By: Phoebe Francis, Savy Varyu and Diane Zuniga
1: Fewer Media Means More Paid Opportunities. According to the Bureau of Labor Statistics Occupational Employment Survey, there’s been a 26% decrease in reporters since 2008. PR professionals now outnumber reporters 6 to 1, and the gap is growing every year. With reporters’ increased workload and number of pitches in their inboxes, the bar to earn coverage has never been higher. Many tech-focused publications used to accept a lot of unsponsored contributed content but no longer have the resources to review and publish this type of material.
PR Takeaway: With reporter staffs shrinking and editorial coverage getting harder to come by, consider using sponsored content channels at reputable publications to drive coverage.Sponsored content can be a good channel to build awareness of a newer, less established spokesperson, drive coverage of less compelling content (surveys, etc.) or communicate key messages that are a little too branded for the media to accept.
2: Security is Top of Mind. “How will you keep this data secure?” It’s the first question reporters are going to ask, no matter what space you’re working in – from personal electronics to the tech-powered self-driving cars to healthcare. We see this trend manifesting not just in media, but also legislation. In May 2018, the EU introduced the General Data Protection Regulation, which put personal data protection directly in the public eye. About a month later, the California Consumer Privacy Act passed, which will go into effect in 2020. In the media, high profile data breaches and scandals are making headlines every day. Most of us have probably been impacted by one – whether we know it or not – and cybercriminals are targeting airports, elections, hospitals and other major infrastructures.
PR Takeaway: Looking ahead, data security is only going to become more important. Our technologies are getting smarter and collecting even more information from us, which means there is going to be more and more data to protect. Journalists wouldn’t be doing their job if they didn’t ask about security protocols. Which, again, means we need to be ready to answer that question.
3: The Personality Behind the Tech Matters. The personalities of Jeff Bezos and Elon Musk are talked about openly in the media and drive coverage on their own. Consumers want to know who the creators of these mega-companies are and what is going on in their minds and lives. This applies to our tech clients, too. We need to know what makes our people unique – what are the strengths and interesting nuggets that make our spokespeople stand out? Even if your spokesperson isn’t a Jeff Bezos or Elon Musk type, the curiosity about them is still there.
PR Takeaway: Evaluate your experts carefully and do your research to determine who would make the best spokesperson. Ensure that if they have an interesting personal story to tell beyond the product or innovation, you know it and are helping them leverage it.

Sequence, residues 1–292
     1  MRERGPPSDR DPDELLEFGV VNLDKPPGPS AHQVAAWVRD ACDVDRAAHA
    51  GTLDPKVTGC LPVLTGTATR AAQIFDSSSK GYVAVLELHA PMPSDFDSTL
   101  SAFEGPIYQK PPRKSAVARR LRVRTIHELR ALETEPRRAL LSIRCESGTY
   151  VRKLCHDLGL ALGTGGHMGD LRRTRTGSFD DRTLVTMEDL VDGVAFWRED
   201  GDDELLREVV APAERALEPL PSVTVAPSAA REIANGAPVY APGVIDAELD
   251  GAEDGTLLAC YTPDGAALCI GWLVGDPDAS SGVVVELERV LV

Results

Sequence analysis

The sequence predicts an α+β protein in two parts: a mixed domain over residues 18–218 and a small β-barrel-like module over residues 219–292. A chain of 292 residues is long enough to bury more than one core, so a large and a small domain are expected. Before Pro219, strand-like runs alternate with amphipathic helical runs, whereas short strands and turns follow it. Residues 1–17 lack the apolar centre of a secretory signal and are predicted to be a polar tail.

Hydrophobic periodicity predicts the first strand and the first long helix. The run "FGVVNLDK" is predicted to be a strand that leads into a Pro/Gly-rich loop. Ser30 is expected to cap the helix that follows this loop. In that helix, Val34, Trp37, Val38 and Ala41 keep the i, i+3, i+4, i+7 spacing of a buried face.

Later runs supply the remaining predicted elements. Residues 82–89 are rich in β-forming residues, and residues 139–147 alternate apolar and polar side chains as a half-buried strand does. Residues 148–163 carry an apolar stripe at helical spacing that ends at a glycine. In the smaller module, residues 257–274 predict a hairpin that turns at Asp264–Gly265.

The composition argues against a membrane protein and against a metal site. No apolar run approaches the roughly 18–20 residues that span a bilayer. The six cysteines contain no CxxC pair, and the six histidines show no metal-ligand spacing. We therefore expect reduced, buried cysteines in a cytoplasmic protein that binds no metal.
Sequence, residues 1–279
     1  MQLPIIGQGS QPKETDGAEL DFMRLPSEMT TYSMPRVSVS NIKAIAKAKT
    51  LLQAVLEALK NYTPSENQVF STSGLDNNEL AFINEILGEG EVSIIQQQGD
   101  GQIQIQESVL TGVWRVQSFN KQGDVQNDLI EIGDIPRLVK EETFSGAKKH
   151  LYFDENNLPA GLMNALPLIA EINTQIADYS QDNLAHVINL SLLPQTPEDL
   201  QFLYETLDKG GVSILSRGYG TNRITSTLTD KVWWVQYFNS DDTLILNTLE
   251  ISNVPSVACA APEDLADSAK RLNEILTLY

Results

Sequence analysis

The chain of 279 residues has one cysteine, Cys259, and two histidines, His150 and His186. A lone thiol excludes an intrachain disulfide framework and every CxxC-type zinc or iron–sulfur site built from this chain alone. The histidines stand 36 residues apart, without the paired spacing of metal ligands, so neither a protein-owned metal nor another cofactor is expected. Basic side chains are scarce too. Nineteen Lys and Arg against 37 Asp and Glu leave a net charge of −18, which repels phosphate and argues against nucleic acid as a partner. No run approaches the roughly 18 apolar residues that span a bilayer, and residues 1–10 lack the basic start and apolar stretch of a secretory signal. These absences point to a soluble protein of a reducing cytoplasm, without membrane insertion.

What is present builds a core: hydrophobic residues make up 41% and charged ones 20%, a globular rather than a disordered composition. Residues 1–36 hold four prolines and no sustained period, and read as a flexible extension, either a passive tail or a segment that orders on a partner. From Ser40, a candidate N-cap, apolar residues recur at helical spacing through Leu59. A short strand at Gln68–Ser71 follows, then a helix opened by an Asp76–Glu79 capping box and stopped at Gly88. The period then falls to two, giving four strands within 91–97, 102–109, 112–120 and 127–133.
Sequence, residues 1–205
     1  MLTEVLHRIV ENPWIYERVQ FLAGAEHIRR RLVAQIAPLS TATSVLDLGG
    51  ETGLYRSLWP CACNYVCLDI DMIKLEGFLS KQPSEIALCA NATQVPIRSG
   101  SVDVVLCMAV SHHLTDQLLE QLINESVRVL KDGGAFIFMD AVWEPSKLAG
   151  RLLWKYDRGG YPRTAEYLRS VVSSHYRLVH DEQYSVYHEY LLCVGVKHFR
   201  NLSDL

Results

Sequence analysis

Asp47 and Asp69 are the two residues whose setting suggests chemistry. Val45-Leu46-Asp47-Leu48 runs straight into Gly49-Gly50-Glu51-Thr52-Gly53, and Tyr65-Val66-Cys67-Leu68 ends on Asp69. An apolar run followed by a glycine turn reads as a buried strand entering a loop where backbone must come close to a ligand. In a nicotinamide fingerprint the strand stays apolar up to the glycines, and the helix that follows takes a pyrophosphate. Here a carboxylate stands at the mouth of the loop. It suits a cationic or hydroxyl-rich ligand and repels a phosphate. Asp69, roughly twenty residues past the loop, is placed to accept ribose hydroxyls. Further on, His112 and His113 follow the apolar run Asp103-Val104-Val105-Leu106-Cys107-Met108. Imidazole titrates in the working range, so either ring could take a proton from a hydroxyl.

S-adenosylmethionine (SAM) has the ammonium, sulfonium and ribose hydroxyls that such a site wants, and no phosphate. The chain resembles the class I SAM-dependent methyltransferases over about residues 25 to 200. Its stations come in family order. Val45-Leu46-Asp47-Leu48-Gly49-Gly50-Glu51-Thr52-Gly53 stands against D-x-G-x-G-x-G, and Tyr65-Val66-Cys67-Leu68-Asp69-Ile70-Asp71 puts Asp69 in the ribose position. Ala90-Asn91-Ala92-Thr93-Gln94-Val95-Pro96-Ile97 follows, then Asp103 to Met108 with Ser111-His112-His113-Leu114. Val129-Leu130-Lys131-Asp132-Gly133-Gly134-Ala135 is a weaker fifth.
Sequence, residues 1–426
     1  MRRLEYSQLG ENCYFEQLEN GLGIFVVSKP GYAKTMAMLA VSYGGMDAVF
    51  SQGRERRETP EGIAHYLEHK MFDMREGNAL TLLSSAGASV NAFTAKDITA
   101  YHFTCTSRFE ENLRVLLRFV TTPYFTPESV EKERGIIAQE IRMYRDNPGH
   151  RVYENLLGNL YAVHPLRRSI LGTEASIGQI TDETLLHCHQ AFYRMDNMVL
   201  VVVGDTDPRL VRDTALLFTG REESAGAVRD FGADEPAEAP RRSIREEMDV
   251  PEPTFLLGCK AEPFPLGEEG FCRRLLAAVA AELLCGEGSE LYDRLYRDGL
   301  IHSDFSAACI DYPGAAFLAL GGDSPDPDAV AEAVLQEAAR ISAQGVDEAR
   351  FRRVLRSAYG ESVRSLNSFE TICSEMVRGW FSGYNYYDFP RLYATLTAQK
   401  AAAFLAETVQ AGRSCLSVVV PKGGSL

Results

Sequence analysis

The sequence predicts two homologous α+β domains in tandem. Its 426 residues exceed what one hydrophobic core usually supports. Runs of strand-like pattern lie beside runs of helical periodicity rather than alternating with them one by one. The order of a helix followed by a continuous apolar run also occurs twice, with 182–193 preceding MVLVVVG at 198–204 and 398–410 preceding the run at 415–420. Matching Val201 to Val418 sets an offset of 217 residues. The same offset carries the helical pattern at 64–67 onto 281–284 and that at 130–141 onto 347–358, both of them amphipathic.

4: Pay Attention to the Hype Cycle. The hype cycle is a branded graphical presentation developed and used by the American research, advisory and information technology firm Gartner. It represents the maturity, adoption, and social application of specific technologies, and how they are potentially relevant to solving real business problems and exploiting new opportunities. This methodology gives you a view of how a technology or application will evolve over time, providing a sound source of insight to manage its deployment within the context of your specific business goals.
PR Takeaway: Consider where you are in the hype cycle and how that impacts the level of understanding from reporters, the volume of coverage to compete against and the amount of “real world” verification needed.
5: Tech Is Going All In On Ethics. According to The New York Times, 80 companies have been asked by House lawmakers for information about how their businesses may have been harmed by Amazon, Apple, Facebook and Google. Upwards of 20 of the 2020 presidential candidates have commented on the level of power tech companies exert as the election nears. This is because disruptive technologies are creating new questions of business ethics that did not have to be faced previously. Tech companies need to understand the importance of showing ethical operations, and the public is watching – they will not stand for a half-hearted effort and the media will hold them accountable as well.
PR Takeaway: Press will have their election goggles on in 2020, so we should consider the political implications of news when pitching. The pressure is on to message ethical business practices. The impact of technology will matter as much as how the companies who build it operate.